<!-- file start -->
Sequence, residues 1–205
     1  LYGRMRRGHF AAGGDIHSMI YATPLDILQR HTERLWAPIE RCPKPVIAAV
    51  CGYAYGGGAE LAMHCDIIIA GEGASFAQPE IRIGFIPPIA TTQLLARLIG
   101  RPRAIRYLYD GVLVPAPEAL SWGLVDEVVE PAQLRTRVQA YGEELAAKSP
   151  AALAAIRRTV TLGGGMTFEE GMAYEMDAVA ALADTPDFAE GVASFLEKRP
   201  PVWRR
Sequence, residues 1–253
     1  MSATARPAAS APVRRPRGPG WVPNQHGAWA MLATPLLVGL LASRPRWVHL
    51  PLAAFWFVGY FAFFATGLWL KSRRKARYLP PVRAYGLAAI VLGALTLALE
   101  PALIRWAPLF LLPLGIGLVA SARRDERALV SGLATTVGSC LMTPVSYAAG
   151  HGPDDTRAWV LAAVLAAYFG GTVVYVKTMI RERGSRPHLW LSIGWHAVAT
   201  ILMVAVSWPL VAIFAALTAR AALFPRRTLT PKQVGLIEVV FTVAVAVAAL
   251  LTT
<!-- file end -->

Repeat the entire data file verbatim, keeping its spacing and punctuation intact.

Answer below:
Sequence, residues 1–205
     1  LYGRMRRGHF AAGGDIHSMI YATPLDILQR HTERLWAPIE RCPKPVIAAV
    51  CGYAYGGGAE LAMHCDIIIA GEGASFAQPE IRIGFIPPIA TTQLLARLIG
   101  RPRAIRYLYD GVLVPAPEAL SWGLVDEVVE PAQLRTRVQA YGEELAAKSP
   151  AALAAIRRTV TLGGGMTFEE GMAYEMDAVA ALADTPDFAE GVASFLEKRP
   201  PVWRR
Sequence, residues 1–253
     1  MSATARPAAS APVRRPRGPG WVPNQHGAWA MLATPLLVGL LASRPRWVHL
    51  PLAAFWFVGY FAFFATGLWL KSRRKARYLP PVRAYGLAAI VLGALTLALE
   101  PALIRWAPLF LLPLGIGLVA SARRDERALV SGLATTVGSC LMTPVSYAAG
   151  HGPDDTRAWV LAAVLAAYFG GTVVYVKTMI RERGSRPHLW LSIGWHAVAT
   201  ILMVAVSWPL VAIFAALTAR AALFPRRTLT PKQVGLIEVV FTVAVAVAAL
   251  LTT